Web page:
• Penelope Trunk | Brazen Careerist – One. A good blog is really really hard to maintain. Be good at something instead of mediocre at a bunch of things, it’s more rewarding. Hedging one’s bets because one cannot commit to greatness is a mistake. Here’s a link to that (to my own, specialized blog, of course) . Know yourself. If you are so ignorant as to think that you can maintain three to five outstanding blogs at one time, then you should blog about the process of self-discovery and specialization, because when it comes to learning via blogging, that is the topic that will benefit you most.
  • Leo Babauta | Zen Habits – The question, to me, isn’t the topics or their common thread … it’s your target audience. Does your target audience want to read about all of the topics, or are you really speaking to several audiences. For example, Lifehacker covers a broad range of topics, from tech and gadgets to how-to stuff on the Internet to how to get into shape and wake up earlier. But they have a very defined audience that just gobbles up all of those topics.Now, if you do a technology blog and talk about stay-at-home parenting and scrapbooking, I would split those into different blogs, because they have different audiences. Of course, there will always be a small number of people who share all of your interests, but is that small group of people really your target audience? Figure that out, and you have your course of action already planned.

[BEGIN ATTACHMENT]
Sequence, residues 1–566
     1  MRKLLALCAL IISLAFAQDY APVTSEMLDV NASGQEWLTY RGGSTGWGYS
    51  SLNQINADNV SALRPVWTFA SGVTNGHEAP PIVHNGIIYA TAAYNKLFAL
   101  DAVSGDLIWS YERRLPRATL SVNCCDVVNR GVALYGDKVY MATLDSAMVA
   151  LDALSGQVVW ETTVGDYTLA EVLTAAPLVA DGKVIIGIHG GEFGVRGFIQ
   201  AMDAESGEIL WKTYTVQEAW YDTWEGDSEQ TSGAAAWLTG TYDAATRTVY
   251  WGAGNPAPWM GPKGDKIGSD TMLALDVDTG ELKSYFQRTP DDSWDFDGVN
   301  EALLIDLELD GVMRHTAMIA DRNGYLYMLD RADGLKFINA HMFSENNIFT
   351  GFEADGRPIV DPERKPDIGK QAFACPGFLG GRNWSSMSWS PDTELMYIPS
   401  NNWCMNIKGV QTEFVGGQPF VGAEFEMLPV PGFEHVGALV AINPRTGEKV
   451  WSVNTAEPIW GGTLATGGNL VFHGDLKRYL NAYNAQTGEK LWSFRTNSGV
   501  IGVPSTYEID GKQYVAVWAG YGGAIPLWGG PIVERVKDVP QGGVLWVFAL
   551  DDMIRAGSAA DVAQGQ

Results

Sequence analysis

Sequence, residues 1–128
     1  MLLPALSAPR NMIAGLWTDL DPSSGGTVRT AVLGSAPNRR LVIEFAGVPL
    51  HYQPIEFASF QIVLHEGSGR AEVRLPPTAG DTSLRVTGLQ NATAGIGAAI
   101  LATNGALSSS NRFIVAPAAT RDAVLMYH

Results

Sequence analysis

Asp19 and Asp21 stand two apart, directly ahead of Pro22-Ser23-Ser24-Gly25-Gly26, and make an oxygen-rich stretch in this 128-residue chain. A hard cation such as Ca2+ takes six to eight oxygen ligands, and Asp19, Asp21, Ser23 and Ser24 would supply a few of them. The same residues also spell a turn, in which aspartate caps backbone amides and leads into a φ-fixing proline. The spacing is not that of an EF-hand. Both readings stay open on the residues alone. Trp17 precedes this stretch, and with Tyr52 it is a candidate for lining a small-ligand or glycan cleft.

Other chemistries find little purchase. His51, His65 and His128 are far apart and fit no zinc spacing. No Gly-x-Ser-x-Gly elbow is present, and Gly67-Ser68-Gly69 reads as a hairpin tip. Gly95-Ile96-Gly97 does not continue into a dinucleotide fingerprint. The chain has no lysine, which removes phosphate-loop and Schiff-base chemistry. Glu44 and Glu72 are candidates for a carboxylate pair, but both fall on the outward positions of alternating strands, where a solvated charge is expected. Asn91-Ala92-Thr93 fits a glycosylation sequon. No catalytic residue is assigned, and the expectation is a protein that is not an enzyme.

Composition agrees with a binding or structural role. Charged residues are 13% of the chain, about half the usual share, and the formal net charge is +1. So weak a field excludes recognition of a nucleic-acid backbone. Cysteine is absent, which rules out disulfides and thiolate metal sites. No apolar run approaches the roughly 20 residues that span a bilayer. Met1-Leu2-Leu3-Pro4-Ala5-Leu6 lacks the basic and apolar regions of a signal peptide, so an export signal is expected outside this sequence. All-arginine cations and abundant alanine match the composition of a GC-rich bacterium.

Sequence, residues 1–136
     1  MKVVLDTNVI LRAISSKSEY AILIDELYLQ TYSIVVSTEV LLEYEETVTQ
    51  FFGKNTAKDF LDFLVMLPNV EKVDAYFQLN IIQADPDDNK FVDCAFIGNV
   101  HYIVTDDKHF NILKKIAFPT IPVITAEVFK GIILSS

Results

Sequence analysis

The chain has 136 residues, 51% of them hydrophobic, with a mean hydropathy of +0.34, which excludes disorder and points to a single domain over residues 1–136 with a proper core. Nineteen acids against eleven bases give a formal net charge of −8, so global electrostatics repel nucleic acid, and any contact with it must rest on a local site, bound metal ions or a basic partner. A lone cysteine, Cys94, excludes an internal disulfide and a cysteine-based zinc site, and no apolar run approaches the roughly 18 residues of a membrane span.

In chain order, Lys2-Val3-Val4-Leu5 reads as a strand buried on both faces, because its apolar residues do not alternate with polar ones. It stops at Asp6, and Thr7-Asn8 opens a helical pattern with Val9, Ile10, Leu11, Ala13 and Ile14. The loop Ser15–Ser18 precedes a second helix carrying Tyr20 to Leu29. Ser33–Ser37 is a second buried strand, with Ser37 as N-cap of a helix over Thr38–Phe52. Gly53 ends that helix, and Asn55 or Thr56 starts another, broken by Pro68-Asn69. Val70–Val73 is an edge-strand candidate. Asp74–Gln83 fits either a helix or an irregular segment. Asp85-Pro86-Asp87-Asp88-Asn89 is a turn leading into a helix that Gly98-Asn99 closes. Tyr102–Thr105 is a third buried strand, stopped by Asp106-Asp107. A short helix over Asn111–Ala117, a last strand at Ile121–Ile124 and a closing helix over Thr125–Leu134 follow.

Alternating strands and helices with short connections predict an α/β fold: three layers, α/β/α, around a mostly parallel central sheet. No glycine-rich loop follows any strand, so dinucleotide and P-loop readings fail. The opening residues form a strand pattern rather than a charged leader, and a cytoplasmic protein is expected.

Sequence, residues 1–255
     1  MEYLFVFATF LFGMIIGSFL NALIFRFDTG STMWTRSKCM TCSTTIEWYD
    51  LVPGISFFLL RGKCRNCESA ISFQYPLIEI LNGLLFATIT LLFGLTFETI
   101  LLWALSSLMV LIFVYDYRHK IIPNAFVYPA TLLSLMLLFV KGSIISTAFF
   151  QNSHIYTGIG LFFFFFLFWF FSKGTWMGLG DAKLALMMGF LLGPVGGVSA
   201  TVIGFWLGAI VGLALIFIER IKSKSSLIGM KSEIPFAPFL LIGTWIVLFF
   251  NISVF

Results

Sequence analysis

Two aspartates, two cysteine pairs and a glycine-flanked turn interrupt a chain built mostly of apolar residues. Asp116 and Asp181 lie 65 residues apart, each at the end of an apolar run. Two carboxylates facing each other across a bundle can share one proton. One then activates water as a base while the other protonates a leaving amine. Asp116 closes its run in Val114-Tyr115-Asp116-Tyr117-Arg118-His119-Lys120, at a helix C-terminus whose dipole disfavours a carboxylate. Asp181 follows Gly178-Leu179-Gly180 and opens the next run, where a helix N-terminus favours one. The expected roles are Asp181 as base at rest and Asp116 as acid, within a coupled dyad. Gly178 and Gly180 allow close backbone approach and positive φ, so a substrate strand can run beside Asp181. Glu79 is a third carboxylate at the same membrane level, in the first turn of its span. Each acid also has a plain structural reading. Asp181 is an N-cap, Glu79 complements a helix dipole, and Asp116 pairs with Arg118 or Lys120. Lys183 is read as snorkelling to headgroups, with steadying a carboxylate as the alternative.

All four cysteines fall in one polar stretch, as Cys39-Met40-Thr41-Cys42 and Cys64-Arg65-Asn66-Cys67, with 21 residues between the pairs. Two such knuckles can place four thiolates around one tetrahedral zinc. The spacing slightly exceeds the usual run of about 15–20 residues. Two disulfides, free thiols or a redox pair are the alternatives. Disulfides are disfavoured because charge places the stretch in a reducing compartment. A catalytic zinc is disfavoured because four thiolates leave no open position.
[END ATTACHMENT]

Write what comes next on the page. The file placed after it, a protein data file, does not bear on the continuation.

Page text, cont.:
• Glen Stansberry | LifeDev.net – I’d have to say that it all depends on the writer. For me, if the blogger can captivate me with entertaining and useful posts, I personally wouldn’t care if he blogged about lima beans! People are drawn to skilled writing, and most likely won’t care if the writer has a wider lens than other focused blogs.A great example of this is Leo from Zenhabits.net. Leo’s an incredibly skilled writer who touches on a variety of topics, yet his readers don’t care. They’re drawn to his wisdom and advice, not just his topic. That said, I don’t think bloggers should pick their niches too far apart. I probably wouldn’t read a blog that covered lima beans and pet food. But that’s just me.
  • John Wesley | PickTheBrain – It all depends on how closely the topics are related. If there is a good chance your readers are interested in all of them, they I think you’d be better off sticking with one big blog. If you try to create a bunch of niche oriented sites, the risk is that you’ll be spread too thin to really develop any of them. Also, one big site that is a leader in it’s niche is generally more valuable than several smaller sites.On the other hand, if the topic you want to write about is completely off topic then you are better off holding back or starting a new site. Readers subscribed to your blog because of their interest in a certain topic, by completely changing directions to something they might have absolutely no interest in, you risk confusing them and driving people away. In many cases though, a compromise can be made by starting with a seemingly unrelated topic and then tying in back into the main subject of the blog. Hope that answer helps a bit, although it could all be summed up with “it depends.”